No FSOTD vocabulary post the entire month of October...for shame.   FSOTD does not live by music alone.  But with the new month comes renewed opportunity.  Here are three F-words.   Everybody can use a good F-word.

Some background: Wuz watching the Monty Python-a-thon (nice name) on IFC a few weeks back, and John Cleese got to talking about their 1979 flick Life of Brian.  Apparently, the Pythons cut out a scene about Islam and Muhammad that, according to Cleese, would have caused Muslims to "fulminate" which most surely would have led to some sort of "fatwah".  Both terms were familiar but not part of my jargon.   I experienced a fleeting, feeble hope that the interview might do a pop-up video thing, with text bubbles defining both words... but no.

Here's what he meant...

fulminate  v.   1. To issue a thunderous verbal attack or denunciation: fulminated against political chicanery.  2. To explode or detonate.

fatwah  n.  1. A legal opinion or ruling issued by an Islamic scholar;  "bin Laden issued three fatwahs, calling upon Muslims to take up arms against the United States".

The third word I chose from a passing thought while on a dog walk.  Somehow, "flotsam and jetsam" crawled by in the mental ticker.  Started wonderin' just what the definition of flotsam really was.  Stray and miscellaneous items that accompany jetsam and float on the open oceans?  That was my quick stab; here's what had to say (#3 striking me as something of a callous use of the word)...

flotsam  n.  1. Wreckage or cargo that remains afoat after a ship has sunk.  Floating  refuse or debris.  2.  Discarded odds and ends.   3. Vagrant, usually destitute people.

As promised...  3 F-words.  Use 'em, trade 'em.  Collect all three.

Monday, November 2, 2009


Poor Joe Pug got buried under Sebastian Cabot.  That wasn't supposed to happen.  Joe's worth a listen. The track is "I Do My Father's Drugs".  Cheers.

Here's his site:

FSOTD #48/I Do My Father's Drugs (2008)

What used to be "I drink my pa's moonshine" has apparently become "I Do My Father's Drugs".  Daddy shoots H, mama does downers, me and little brother join right in...aah, them old poppy fields back home.  A family affair.  Buffy and Jodie.  Cissy! which one OD'd?  And why did they call the well-dressed fat guy with the beard who oversaw three kids Mr. French?   Probably 'cuz it was his name.  It sounded just fine at the time.  All us kids bought it, anyway.  Sebastian Cabot.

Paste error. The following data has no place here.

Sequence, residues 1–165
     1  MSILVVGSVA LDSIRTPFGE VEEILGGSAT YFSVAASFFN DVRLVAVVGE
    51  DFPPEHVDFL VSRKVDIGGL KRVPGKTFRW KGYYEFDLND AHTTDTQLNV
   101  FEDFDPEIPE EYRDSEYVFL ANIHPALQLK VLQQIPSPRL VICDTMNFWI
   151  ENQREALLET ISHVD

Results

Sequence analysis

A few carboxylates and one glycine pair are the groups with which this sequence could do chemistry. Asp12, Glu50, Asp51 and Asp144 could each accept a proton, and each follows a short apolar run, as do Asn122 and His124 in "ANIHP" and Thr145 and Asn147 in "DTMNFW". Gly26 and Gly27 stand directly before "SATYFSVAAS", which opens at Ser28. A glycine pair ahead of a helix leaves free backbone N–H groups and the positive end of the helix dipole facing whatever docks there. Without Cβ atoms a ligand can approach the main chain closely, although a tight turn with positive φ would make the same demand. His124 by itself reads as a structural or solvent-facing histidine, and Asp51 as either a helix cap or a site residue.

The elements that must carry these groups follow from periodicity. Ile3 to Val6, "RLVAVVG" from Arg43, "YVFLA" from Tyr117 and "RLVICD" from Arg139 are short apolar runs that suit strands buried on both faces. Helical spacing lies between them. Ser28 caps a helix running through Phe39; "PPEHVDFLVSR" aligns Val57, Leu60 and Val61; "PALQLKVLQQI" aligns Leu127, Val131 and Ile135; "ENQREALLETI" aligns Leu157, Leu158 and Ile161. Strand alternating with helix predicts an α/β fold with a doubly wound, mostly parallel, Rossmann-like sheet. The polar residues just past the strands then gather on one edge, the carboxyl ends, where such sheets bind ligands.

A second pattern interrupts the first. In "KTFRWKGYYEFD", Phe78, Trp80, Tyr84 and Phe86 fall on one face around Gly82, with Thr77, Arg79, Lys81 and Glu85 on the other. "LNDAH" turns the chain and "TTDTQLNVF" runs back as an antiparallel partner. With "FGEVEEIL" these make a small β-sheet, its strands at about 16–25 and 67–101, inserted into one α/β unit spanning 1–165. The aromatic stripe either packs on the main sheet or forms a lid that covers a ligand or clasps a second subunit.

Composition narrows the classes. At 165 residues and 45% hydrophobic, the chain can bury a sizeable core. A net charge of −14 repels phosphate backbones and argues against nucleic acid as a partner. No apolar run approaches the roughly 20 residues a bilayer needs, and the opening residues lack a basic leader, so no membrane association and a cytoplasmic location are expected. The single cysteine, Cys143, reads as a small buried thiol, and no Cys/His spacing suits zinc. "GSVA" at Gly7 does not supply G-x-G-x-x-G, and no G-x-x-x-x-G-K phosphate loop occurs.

So how do rumors go haywire?  To wit: A few years back, I heard that Sebastian Cabot was a notorious dope fiend back in the 60's.  A survivor of the "Naked Lunch" crowd.   Apparently, he supplied all those kids with their smack.   On the set, supposedly, they kept their stash inside of Mrs. Beazley.  Remember how Buffy always had that doll close by (see above)?  MacKenzie and John Phillips were customers.  It's a fact.  John Coltrane.  Even John Lennon.  Apparently, Cabot is the inspiration for Henry the Horse of "Being For The Benefit of Mr. Kite" fame.   True, all true.  In his later years, we didn't see much of Cabot. He had lost quite bit of weight and his teeth were rotted and falling out.   His last known stage role was a haunting turn as Fagen, in an early-80's revival of Oliver Twist.  Very little makeup was needed.  Even his longtime pal Brian Keith finally abandoned him after the third morals conviction.  A sad end to a man once loved and trusted by an entire generation of English-speaking children.   Alrightee...there ya have it.  Rumors Run Wild, vol. 1.  Pass it on.

Now, stepping back from the abyss of digression (and drivel), "I Do My Fathers's Drugs" by Chicago's Joe Pug is today's FSOTD.  It's from his 2008 EP "Nation of Heat".   He plans to release a full length CD in 2010.  We hope so.  It's a righteous sound from Joe Pugliese, a slow train comin'.

Joe Pug came to the attention of FSOTD thru another blogspot blog.  Taken from An Echo, 10-30: "if you close your eyes you think you are hearing Dylan from the late 60's (actually he never sounded like this, it's just the Dylan of our subconscious)" .  The Dylan of our subconscious.  Now that's something to blog about.  So we will: Joe Pug does sound something like Bob Dylan.  Quite a bit, actually.  In all the right ways.   So far, so good Joe.  Many happy returns.  And big FSOTD thanks to An Echo.  JP truly speaks to the Bob Dylan of our subconscious.

Friday, October 30, 2009

FSOTD #47/Heaven (2006)

I first found out about Bitter:Sweet in Heaven.  I mean the playlist Heaven.  Ya know...FSOTD #46-A.  Actually, I guess I really found out about them in iTunes, while searching for songs to fill out the list.  When I decided to post the playlist, I had only 12 different Heavens existing in my collection, which oddly sounds a little like string theory.  Anyway, 5 more tunes got the list to 1.2 hours, the requisite timing for any and all FSOTD playlists. Of those five, Bitter:Sweet's "Heaven" was by far the pick of the litter.